Extreme diversification of floral volatiles within and among species of Lithophragma (Saxifragaceae)
Research output: Contribution to journal › Article
A major challenge in evolutionary biology is to understand how complex traits of multiple functions have diversified and codiversified across interacting lineages and geographic ranges. We evaluate intra- and interspecific variation in floral scent, which is a complex trait of documented importance for mutualistic and antagonistic interactions between plants, pollinators, and herbivores. We performed a large-scale, phylogenetically structured study of an entire plant genus (Lithophragma, Saxifragaceae), of which several species are coevolving with specialized pollinating floral parasites of the moth genus Greya (Prodoxidae). We sampled 94 Lithophragma populations distributed across all 12 recognized Lithophragma species and subspecies, and four populations of related saxifragaceous species. Our results reveal an unusually high diversity of floral volatiles among populations, species, and clades within the genus. Moreover, we found unexpectedly major changes at each of these levels in the biosynthetic pathways used by local populations in their floral scents. Finally, we detected significant, but variable, genus- and species-level patterns of ecological convergence in the floral scent signal, including an impact of the presence and absence of two pollinating Greya moth species. We propose that one potential key to understanding floral scent variation in this hypervariable genus is its geographically diverse interactions with the obligate specialized Greya moths and, in some species and sites, more generalized copollinators.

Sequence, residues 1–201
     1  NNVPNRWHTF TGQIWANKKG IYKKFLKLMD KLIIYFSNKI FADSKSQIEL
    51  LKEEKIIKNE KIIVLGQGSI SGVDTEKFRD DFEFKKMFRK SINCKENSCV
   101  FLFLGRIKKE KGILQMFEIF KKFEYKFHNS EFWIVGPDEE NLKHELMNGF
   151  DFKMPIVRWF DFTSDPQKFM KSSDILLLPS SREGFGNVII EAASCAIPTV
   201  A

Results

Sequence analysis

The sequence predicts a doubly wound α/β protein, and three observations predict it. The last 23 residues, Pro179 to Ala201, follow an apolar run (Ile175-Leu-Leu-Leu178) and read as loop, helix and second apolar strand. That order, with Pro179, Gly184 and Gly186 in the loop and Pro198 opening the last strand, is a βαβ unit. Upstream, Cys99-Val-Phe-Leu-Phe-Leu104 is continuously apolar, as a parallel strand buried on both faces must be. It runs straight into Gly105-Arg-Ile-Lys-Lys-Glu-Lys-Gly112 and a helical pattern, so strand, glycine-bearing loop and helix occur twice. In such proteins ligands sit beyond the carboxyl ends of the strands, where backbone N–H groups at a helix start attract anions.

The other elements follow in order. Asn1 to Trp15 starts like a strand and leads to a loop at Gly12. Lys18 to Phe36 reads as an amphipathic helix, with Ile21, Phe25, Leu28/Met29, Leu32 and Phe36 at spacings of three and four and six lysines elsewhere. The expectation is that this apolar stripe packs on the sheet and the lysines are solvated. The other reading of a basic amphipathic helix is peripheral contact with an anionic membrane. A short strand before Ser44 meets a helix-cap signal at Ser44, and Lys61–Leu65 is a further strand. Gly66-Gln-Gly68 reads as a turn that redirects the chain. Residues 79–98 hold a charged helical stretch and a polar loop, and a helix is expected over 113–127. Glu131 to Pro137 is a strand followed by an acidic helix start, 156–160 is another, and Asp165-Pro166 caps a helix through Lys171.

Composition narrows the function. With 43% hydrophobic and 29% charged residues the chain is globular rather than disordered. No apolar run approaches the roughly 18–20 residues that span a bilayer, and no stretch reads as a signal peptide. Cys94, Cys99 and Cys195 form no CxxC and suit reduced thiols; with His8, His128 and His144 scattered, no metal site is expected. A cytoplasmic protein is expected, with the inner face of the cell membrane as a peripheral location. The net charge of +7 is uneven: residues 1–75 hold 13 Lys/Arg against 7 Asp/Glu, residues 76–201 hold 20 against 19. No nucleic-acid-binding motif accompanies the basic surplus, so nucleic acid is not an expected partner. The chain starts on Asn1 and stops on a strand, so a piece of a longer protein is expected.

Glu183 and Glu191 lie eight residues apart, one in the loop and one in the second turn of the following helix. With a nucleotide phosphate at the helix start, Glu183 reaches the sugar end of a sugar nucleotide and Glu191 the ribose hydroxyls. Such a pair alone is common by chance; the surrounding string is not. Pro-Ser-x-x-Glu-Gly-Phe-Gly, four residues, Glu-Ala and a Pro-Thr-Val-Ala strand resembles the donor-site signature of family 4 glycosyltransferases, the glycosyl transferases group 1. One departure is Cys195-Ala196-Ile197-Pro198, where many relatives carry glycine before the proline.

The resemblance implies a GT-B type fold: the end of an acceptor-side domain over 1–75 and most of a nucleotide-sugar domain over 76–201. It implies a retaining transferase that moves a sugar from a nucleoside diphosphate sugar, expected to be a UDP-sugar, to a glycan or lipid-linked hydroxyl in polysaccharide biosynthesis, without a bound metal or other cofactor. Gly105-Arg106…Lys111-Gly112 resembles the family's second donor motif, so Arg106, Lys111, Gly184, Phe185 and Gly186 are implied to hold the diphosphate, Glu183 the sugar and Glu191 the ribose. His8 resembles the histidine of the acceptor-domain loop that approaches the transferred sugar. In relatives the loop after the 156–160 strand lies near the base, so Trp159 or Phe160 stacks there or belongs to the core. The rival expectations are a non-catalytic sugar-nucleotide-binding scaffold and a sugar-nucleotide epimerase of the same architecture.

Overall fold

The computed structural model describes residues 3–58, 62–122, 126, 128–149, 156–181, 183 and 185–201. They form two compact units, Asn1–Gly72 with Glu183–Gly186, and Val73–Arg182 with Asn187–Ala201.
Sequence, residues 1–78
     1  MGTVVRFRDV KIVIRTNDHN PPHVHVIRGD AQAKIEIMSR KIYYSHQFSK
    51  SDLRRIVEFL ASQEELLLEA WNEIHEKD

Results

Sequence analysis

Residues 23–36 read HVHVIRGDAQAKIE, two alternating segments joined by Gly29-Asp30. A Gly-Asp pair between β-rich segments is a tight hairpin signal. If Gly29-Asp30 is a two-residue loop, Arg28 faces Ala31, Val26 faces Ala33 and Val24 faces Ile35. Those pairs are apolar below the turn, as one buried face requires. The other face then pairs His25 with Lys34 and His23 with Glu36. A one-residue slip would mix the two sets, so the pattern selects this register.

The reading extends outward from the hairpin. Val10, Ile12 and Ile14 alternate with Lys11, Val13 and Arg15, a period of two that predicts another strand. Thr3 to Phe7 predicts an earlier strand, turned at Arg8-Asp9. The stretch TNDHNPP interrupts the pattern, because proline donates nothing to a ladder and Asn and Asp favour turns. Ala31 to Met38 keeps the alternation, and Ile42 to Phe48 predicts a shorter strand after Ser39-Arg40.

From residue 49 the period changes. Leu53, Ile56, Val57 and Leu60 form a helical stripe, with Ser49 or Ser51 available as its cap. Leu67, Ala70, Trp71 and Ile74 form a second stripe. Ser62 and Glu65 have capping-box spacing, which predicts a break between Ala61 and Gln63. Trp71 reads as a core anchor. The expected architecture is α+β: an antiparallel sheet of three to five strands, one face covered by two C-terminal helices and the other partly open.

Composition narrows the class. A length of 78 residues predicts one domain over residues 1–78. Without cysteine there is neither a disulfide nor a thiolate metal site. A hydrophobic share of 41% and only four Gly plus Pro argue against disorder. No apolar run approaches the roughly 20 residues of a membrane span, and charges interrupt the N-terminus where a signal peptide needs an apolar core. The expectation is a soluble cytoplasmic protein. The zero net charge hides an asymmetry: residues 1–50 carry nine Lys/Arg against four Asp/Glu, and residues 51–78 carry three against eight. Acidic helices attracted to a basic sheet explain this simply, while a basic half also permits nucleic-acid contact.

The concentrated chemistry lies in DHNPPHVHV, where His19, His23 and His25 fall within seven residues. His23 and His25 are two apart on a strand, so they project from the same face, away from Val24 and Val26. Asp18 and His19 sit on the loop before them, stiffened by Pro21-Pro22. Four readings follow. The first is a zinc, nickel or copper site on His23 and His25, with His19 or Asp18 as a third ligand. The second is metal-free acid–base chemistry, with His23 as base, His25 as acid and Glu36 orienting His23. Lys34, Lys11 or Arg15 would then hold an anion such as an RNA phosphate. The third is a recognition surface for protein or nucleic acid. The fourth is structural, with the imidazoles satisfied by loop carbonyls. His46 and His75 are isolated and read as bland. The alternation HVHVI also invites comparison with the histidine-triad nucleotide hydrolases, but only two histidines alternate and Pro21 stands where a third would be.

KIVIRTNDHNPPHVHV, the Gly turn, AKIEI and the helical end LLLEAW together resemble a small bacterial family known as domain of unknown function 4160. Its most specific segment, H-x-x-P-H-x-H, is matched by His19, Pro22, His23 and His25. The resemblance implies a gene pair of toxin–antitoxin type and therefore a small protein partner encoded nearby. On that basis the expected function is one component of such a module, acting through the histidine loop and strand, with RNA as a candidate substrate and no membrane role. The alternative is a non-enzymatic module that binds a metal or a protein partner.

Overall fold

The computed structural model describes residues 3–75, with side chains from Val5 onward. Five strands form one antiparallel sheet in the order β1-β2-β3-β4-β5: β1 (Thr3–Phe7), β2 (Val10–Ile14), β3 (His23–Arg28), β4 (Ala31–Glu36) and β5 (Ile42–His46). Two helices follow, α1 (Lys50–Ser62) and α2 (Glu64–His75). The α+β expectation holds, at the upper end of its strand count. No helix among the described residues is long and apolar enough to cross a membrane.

|Research areas and keywords||
Subject classification (UKÄ) – MANDATORY
|Number of pages||10|
|Journal||Proceedings of the National Academy of Sciences of the United States of America|
|Publication status||Published - 2019|